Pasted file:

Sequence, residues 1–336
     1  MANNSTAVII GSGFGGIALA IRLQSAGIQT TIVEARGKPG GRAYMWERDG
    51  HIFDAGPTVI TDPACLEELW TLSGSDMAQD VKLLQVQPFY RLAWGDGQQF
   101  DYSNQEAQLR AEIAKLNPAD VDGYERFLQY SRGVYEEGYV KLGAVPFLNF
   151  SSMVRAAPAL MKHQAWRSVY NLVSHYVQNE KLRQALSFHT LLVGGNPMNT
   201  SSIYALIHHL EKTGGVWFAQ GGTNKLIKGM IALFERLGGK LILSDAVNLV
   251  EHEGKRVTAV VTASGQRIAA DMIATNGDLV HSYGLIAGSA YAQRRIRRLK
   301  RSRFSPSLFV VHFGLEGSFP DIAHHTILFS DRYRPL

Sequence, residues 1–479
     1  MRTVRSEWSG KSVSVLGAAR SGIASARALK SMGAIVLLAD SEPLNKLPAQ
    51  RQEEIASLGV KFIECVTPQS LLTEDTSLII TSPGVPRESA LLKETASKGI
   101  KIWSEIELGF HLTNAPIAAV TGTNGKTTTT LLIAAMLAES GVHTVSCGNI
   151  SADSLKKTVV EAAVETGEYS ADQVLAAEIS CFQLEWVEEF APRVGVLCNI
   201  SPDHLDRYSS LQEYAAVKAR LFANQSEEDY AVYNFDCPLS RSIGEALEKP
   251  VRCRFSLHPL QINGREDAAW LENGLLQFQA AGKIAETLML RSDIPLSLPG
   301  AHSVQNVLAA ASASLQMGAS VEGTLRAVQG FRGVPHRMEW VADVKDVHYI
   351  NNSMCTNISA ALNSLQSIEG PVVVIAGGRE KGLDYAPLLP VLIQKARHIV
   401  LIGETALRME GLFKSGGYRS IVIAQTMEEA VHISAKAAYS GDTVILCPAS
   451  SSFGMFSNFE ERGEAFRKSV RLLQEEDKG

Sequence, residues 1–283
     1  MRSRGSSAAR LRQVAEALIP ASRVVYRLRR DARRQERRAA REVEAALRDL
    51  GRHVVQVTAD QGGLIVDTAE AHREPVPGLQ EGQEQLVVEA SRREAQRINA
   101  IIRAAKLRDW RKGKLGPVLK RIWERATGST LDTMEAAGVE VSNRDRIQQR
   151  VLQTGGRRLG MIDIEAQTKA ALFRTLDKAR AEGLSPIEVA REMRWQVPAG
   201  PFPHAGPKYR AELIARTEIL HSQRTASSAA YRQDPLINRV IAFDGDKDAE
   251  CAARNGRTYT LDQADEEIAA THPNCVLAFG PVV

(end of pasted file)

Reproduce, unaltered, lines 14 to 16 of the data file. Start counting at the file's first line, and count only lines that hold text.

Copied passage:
   201  SPDHLDRYSS LQEYAAVKAR LFANQSEEDY AVYNFDCPLS RSIGEALEKP
   251  VRCRFSLHPL QINGREDAAW LENGLLQFQA AGKIAETLML RSDIPLSLPG
   301  AHSVQNVLAA ASASLQMGAS VEGTLRAVQG FRGVPHRMEW VADVKDVHYI